APPENDIX B — Deriving the RS Diffraction Integral via Fourier Propagation ...................................... 11

    iii

  • RS Diffraction vs FK, Fourier Propagation, and Poisson’s Spot 1

    ____________ Manuscript approved September 13, 2004

    1

    RAYLEIGH-SOMMERFELD DIFFRACTION VS FRESNEL-KIRCHHOFF, FOURIER PROPAGATION, AND POISSON’S SPOT

    1. INTRODUCTION

    The boundary conditions imposed on the diffraction problem in order to obtain the Fresnel-Kirchhoff (FK) solution are well-known to be mathematically inconsistent and to be violated by the solution when the observation point is close to the diffracting screen [1-3]. These problems are absent in the Rayleigh- Sommerfeld (RS) solution. The difference between RS and FK is in the inclination factor and is usually immaterial because the inclination factor is approximated by unity. But when this approximation is not valid, FK can lead to unacceptable answers. Calculating the on-axis intensity of Poisson’s spot provides a critical test, a test passed by RS and failed by FK. FK fails because (a) convergence of the integral depends on how it is evaluated and (b) when the convergence problem is fixed, the predicted amplitude at points near the obscuring disk is not consistent with the assumed boundary conditions. Poisson’s spot, also known as the spot of Arago, is the name given to the bright on-axis spot behind a circular obscuration illuminated by a plane wave: on the axis of the disk, all light diffracted at the rim of the disk arrives in phase and interferes constructively. Consequently, even for angles approaching 90°, i.e., for observation points close to the disk, diffraction can result in a significant intensity. (In the overwhelming majority of optics problems, diffraction at angles of more than a few degrees leads to vanishingly small intensities and can be safely ignored.) Treatments of Poisson’s spot that make the Fresnel approximation [4,5]

    do not apply to the region close to the disk. Treatments that do apply close to the disk use the RS integral [6] or its predecessor, the Rayleigh integral [7]. The RS integral is derived from the Rayleigh integral with the additional assumption that the wavelength of the light is small compared to the geometric dimensions of the problem, an assumption that is made throughout this report. I refer to a calculation as exact to indicate that, while the short-wavelength approximation has been made, the Fresnel approximation has not. The other fundamental approximation made here is the scalar wave approximation, which means that the results apply better to acoustics than to optics, a point that will be reconsidered in the concluding remarks of Section 5. Fourier propagation provides an alternate means of handling diffraction problems. It can be used in computer software to calculate beam propagation problems, but in this report, Fourier propagation theory is used to derive solutions in integral form for the 2-D (long slits and strips) and 3-D (arbitrarily shaped apertures) diffraction problems. Standard Fourier propagation reproduces the RS diffraction integral.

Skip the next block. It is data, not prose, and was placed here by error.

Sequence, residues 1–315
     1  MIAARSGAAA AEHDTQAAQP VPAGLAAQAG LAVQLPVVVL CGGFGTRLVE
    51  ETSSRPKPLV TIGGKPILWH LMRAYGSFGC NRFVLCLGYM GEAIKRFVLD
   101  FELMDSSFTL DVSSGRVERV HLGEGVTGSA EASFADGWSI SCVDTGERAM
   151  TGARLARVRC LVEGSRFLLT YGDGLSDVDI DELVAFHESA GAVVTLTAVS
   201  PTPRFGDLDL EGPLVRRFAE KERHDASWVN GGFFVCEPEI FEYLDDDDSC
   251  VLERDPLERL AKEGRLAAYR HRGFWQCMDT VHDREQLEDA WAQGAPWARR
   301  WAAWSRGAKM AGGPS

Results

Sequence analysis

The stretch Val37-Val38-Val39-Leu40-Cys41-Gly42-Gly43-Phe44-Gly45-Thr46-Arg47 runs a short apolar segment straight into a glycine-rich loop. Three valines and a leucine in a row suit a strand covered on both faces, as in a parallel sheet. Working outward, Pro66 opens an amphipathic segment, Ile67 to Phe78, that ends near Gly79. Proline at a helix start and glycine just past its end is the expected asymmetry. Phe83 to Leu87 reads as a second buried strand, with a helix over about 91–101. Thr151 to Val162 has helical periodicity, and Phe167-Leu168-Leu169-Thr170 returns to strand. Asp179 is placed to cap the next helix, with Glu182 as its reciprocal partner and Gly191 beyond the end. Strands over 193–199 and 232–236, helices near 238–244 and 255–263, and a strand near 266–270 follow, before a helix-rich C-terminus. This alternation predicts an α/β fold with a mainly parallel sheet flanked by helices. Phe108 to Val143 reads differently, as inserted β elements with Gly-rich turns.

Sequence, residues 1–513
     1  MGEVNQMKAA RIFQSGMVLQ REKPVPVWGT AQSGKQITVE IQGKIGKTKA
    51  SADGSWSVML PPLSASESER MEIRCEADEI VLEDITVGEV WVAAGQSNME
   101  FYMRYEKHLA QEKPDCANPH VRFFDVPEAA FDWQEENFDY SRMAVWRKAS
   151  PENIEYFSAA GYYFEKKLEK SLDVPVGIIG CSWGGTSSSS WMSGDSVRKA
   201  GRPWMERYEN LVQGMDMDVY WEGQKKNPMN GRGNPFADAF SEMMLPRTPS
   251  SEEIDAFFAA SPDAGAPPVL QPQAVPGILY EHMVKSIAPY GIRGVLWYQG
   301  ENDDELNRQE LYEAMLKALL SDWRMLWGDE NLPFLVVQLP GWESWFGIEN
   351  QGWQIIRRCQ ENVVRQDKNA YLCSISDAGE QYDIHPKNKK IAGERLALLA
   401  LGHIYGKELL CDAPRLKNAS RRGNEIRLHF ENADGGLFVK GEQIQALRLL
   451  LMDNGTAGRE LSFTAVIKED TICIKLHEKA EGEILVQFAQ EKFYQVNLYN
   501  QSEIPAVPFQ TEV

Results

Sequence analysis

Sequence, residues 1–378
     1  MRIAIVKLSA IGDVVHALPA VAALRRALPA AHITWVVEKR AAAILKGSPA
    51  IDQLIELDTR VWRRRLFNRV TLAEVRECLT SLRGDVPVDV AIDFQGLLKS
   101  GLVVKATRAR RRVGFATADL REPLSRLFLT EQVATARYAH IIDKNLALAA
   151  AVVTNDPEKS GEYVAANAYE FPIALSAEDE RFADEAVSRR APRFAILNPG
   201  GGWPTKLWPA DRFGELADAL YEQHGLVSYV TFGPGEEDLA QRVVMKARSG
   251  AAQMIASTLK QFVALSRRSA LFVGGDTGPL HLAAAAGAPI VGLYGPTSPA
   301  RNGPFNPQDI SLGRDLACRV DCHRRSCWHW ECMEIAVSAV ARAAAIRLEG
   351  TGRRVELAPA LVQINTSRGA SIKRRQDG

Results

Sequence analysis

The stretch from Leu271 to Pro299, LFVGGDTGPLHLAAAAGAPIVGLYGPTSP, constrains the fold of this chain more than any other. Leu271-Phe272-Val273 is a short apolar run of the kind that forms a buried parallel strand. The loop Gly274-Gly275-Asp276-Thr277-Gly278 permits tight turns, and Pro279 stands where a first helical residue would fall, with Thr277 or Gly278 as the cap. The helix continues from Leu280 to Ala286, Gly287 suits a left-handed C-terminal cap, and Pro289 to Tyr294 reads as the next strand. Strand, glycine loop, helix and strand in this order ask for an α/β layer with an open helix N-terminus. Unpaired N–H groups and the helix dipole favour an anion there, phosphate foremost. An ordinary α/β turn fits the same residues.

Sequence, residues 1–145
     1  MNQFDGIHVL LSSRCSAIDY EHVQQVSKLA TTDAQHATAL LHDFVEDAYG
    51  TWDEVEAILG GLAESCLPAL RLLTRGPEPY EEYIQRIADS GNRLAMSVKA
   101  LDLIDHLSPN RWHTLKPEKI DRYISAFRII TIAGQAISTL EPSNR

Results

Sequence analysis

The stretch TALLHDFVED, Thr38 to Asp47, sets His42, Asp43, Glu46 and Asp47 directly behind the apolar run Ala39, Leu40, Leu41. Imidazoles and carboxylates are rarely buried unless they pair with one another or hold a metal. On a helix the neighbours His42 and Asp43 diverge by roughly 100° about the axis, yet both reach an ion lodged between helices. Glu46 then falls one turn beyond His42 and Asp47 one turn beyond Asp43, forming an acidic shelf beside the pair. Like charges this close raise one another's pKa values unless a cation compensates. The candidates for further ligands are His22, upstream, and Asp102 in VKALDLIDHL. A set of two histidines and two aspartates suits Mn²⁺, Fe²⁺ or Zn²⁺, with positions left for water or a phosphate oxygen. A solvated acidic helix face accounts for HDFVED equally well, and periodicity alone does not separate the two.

2. THE BASIC DIFFRACTION PROBLEM

    Solving the basic diffraction problem requires finding a solution to the Helmholtz equation for a propagating wave encountering a partially obscuring planar screen. The Helmholtz equation is

    ∇ +( ) =2 2 0k U x y z( , , ) ,

    (1)

  • Robert L. Lucke2

    where k = 2π/λ and U describes the amplitude and phase of the wave. U is a scalar, so only scalar diffraction theory is addressed. The boundary condition imposed on the solution to this differential equation is the effect of a diffracting screen in the z = 0 plane. Denoting by T the parts of the screen that are transmissive and by B the parts that block the beam, the boundary conditions used for the RS and FK solutions are

    RS and FK: forU x y U x y x y T U x

    ( , , ) ( , , ) ( , ) , ( ,

    0 00= ∈ yy x y B

    U x y z z

    U

    z

    , ) ( , ) , ( , , )

    0 0

    0

    = ∈ ∂

    ∂ =

    =

    for

    FK only: 00 0

    0 0

    ( , , ) ( , ) ,

    ( , , )

    x y z z

    x y T

    U x y z z

    z

    z

    ∂ ∈

    ∂ ∂

    =

    =

    =

    for

    forr ( , ) ,x y B∈

    (2)

    where U0 describes the incident wave and ∂U/∂z is the derivative of U normal to the diffracting plane.

    With reference to Fig. 1, the RS diffraction integral [1,2] for U at distance z behind an aperture in a planar mask is

    U x y z

    i U x y

    ikr r

    dxRS ( , , ) ( , , ) exp ( )

    cos′ ′ = − λ

    χ0 0 ddy Area

    ∫ ,

    (3)

    where r = [(xʹ - x)2 + (yʹ - y)2 + z2]½ is the distance between (x, y, 0) and (xʹ, yʹ, z), χ is the diffraction angle at point (x, y, 0), i.e., the an

Recommended

View more >